The City of Edmonds is committed to reducing pesticide use in its parks and has achieved a 60% reduction since 2008 by using Integrated Pest Management (IPM) approach to park maintenance.
Using an IPM approach protects a systems’ natural balance, and keeps unnecessary chemicals out of the environment. This approach has enabled many areas within the Edmonds parks system to be managed and maintained as pesticide free.
What is Integrated Pest Management?
Integrated Pest Management (IPM) is a multifaceted and adaptive approach to controlling pests such as insects, rodents, weeds, and plant diseases. IPM employs physical, mechanical, biological, and evaluative processes for pest control to minimize damage to the landscape and the surrounding environment; chemical treatments are used as a last resort, and the least toxic chemicals are preferred.
An IPM approach strives to achieve long-term, sustainable prevention of pest problems through regular monitoring to determine if and when treatment is needed. Public safety and short- and long-term cost effectiveness are also considered when deciding among prevention and treatment options.
In IPM, pest control decisions are based on agreed upon Threshold and Action levels.Threshold level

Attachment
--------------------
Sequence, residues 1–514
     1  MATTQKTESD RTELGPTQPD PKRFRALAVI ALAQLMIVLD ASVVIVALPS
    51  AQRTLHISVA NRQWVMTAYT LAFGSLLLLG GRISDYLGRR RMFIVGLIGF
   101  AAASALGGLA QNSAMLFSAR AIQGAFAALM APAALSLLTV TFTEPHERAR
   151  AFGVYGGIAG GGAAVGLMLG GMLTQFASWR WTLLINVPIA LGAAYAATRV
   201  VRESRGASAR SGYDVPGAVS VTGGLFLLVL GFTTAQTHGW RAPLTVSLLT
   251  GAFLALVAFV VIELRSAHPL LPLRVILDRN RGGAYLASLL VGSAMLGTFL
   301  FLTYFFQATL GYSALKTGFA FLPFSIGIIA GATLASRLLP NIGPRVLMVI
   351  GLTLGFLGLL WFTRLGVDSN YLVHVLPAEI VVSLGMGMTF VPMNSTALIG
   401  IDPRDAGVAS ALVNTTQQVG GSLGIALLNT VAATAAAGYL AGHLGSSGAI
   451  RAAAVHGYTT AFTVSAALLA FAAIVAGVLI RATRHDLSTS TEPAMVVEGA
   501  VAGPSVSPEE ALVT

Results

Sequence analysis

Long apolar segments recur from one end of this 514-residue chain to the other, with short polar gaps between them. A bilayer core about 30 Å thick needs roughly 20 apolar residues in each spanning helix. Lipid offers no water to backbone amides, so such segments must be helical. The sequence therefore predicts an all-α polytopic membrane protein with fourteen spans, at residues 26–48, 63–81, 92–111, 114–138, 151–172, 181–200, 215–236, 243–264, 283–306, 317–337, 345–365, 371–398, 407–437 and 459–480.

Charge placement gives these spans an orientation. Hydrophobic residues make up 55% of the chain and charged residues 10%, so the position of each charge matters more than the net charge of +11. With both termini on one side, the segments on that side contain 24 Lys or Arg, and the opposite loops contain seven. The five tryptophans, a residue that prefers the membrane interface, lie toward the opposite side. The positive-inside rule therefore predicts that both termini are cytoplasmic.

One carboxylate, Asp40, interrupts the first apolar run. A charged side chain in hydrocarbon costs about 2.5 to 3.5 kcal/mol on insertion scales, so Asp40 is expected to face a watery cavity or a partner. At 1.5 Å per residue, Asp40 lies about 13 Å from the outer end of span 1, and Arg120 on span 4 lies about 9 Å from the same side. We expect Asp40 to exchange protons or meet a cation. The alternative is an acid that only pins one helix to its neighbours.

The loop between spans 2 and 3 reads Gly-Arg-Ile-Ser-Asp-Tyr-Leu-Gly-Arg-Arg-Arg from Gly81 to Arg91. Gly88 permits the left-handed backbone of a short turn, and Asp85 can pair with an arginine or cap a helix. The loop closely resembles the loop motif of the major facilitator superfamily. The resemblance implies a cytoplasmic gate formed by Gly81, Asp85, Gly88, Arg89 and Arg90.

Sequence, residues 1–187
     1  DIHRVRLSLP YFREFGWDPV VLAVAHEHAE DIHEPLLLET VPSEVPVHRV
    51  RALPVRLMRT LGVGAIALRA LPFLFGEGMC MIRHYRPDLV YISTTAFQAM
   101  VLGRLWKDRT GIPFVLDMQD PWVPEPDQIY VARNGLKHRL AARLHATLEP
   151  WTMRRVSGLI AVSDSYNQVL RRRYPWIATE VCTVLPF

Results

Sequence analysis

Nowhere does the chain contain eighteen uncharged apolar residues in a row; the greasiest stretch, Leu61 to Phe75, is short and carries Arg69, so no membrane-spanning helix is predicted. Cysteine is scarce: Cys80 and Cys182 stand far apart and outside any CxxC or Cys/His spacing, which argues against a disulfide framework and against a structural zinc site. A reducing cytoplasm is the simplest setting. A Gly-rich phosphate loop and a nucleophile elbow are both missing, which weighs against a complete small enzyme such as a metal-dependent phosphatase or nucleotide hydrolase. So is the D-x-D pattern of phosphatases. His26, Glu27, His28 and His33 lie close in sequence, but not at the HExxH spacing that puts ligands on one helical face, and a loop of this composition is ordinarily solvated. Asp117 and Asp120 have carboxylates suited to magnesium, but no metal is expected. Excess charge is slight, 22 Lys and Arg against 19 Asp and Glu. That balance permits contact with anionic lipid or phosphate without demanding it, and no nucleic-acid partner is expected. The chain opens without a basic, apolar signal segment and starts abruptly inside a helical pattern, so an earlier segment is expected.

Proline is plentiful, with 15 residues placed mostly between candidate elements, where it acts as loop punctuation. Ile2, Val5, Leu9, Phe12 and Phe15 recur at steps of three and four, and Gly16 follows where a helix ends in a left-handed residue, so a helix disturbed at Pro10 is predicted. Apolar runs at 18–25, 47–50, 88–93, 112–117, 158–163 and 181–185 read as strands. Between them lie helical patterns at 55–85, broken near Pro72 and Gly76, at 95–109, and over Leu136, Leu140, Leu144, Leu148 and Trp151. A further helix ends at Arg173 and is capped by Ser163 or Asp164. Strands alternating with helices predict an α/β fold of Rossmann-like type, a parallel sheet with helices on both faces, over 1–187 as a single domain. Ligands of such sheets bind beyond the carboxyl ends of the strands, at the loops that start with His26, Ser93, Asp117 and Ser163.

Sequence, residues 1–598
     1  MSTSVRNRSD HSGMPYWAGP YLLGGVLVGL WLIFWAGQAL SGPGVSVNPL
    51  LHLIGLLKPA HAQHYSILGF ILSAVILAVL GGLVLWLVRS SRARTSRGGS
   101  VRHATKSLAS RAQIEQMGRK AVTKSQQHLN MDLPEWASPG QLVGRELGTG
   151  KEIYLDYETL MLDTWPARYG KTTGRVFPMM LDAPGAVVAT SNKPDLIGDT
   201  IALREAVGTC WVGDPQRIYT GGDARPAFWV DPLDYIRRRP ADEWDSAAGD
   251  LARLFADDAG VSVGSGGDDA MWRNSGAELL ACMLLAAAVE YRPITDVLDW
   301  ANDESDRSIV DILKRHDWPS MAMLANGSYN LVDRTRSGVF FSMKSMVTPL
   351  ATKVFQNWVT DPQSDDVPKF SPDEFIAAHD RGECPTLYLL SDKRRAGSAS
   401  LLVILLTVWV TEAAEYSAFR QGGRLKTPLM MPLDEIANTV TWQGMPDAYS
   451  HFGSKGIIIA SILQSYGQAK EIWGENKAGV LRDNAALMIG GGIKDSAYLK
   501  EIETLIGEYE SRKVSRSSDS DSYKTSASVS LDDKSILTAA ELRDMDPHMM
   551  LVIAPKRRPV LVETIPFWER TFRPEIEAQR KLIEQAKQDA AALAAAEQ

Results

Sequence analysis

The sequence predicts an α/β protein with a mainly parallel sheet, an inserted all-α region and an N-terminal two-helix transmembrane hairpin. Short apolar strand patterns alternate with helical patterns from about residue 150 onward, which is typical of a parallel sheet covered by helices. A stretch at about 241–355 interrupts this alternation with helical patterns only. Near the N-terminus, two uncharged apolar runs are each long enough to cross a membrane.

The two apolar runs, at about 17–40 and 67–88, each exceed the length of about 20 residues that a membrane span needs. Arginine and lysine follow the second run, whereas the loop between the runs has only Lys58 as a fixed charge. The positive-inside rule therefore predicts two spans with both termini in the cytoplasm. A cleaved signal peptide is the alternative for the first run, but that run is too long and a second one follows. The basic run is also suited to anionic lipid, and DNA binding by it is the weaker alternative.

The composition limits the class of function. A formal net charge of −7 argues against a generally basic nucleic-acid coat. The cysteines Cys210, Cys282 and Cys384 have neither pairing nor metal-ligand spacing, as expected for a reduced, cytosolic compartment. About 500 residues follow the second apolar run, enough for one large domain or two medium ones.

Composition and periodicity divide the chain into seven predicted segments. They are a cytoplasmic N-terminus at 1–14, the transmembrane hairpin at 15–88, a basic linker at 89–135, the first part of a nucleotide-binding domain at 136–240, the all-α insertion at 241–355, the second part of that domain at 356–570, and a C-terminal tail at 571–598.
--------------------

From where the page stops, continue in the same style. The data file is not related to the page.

: The point at which a pest population will cause unacceptable impact to public safety, natural or managed ecosystems (including aesthetic value and economic damage), or to the function or service life of facilities.Action level
: The point at which action must be taken to prevent a pest population at a specific location from reaching the Threshold level.
Keys to Successful IPM
Successful IPM both improves the look and health of our parks and reduces pesticide use. The primary keys to success using an IPM approach are:
Proper care to keep plants healthy and disease-resistant
Routine plant monitoring for early pest detection
Correct pest identification and diagnosis
Understanding pest life cycle and behaviors in order to target appropriate treatment